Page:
Dr Clara Jones
Senior Lecturer in Modern Literature
I joined the English department at King’s in September 2014 after completing a PhD at Queen Mary University of London.
Research Interests and PhD Supervision
- Virginia Woolf studies
- The Politics of Modernism
- Twentieth-century women's organisations
- Interwar women writers
My research on Virginia Woolf focuses on the relationship between her political and literary practice. My monograph, Virginia Woolf: Ambivalent Activist (EUP 2016), rescues the details of Woolf's political activism and social participation with organisations including the People's Suffrage Federation and the Women’s Co-operative Guild. Articles about my discovery of two of unpublished sketches by Woolf held in the New York Morgan Library - 'The Cook Sketch' and 'The Villa Jones'- have appeared in Woolf Studies Annual.
My current book project builds on my interest in interwar women writers and activists, including Rosamond Lehmann, Ellen Wilkinson, Elizbeth Bowen, Sylvia Townsend Warner and Amabel Williams-Ellis. British Interwar Women Writers: Class, Gender Genre situates these writers' treatment of maternity, marriage, work, sex, and domesticity in terms of contemporary socio-political debates, as well as their own involvement with organisations, including the National Federation of Women’s Institutes and the Communist Party of Great Britain. By focusing on their shared preference for mid-and-low-status genres, like the romance and the thriller, the book also explores how these writers’ work with genre was responsive to and in some cases contiguous with their extra-literary commitments and political engagements.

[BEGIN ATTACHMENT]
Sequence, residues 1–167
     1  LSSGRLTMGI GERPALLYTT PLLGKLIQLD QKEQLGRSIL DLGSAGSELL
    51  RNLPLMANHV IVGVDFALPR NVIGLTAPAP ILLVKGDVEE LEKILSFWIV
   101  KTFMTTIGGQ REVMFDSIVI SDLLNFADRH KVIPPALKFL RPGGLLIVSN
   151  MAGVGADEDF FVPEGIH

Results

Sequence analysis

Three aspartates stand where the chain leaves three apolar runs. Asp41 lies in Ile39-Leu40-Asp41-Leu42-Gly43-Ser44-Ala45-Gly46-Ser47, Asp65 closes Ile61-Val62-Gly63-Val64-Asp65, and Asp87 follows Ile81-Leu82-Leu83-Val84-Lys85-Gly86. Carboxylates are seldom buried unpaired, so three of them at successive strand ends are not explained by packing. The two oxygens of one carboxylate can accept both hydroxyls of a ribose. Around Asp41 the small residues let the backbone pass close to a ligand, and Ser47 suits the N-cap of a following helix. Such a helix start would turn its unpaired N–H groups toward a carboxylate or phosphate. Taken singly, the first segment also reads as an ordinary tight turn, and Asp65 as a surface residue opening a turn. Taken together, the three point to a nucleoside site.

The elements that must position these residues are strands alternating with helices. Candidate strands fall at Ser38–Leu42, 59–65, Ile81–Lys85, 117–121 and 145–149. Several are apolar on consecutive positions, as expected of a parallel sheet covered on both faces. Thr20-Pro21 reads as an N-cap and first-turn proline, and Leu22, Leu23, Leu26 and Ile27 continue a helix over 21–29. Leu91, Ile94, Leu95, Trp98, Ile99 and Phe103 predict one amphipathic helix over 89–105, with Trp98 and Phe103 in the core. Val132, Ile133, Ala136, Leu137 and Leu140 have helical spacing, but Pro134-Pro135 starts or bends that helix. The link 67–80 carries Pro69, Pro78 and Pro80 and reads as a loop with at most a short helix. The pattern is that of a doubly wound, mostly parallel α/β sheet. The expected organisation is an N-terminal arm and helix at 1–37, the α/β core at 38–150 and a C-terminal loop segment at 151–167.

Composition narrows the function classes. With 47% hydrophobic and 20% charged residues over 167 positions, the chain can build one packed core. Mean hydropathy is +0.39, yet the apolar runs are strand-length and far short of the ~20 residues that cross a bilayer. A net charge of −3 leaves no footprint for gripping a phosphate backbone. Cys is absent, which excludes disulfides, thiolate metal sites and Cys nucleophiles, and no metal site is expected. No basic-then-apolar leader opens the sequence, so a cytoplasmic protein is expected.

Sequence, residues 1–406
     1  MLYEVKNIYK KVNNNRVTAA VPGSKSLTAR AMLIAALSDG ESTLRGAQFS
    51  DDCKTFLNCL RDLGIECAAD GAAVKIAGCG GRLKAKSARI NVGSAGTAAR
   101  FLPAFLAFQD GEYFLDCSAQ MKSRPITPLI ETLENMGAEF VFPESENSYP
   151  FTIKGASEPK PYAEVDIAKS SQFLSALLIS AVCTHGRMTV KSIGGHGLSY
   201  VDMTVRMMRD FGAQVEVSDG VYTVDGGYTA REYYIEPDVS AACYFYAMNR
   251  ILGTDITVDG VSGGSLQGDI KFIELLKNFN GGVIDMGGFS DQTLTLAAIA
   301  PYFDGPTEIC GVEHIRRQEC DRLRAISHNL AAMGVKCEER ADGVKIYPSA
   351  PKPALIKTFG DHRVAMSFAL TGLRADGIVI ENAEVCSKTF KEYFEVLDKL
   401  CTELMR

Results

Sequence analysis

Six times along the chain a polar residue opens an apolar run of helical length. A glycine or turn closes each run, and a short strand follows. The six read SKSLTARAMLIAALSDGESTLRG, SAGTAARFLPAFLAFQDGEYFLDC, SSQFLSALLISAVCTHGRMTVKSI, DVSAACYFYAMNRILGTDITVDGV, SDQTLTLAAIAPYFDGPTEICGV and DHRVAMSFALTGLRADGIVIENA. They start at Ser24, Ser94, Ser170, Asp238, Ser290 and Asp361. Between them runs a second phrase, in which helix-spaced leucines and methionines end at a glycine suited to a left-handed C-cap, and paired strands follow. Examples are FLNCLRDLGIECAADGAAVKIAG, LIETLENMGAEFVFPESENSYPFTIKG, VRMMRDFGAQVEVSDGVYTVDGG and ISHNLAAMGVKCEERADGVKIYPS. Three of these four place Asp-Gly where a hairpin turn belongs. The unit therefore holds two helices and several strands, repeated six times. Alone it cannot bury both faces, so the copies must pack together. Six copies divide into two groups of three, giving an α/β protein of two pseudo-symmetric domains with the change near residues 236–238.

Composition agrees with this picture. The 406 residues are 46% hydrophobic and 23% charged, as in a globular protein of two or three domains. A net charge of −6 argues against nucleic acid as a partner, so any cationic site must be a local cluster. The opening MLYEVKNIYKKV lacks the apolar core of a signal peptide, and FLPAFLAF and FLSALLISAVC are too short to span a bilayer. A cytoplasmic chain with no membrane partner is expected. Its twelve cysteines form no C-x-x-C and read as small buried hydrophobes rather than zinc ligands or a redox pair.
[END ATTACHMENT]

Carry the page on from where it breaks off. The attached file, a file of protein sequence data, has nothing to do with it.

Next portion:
My next major research project, 'Committee Woman', is a literary and cultural history of women’s administrative labour in twentieth-century organisations, including the National Council for the Unmarried Mother and her Child, the Labour Party, the BBC, the GLC, the National Association for the Teaching of English and the National Childbirth Trust. A forthcoming article in Modernism/modernity on the work of the all-woman Prix Femina Anglais committee from 1919-1940 sets out some of the ideas that are central to this new project.
For more details, please see my full research profile.
In 2017-18 I will be teaching on the following modules:
- Activist Texts: Literature and Politics, 1910-1938
- Mapping Modernism
- Text, Culture, Theory
Expertise and Public Engagement
Virginia Woolf walking tours of London for Persephone Books, Women’s History Month and the Literary London Reading Group.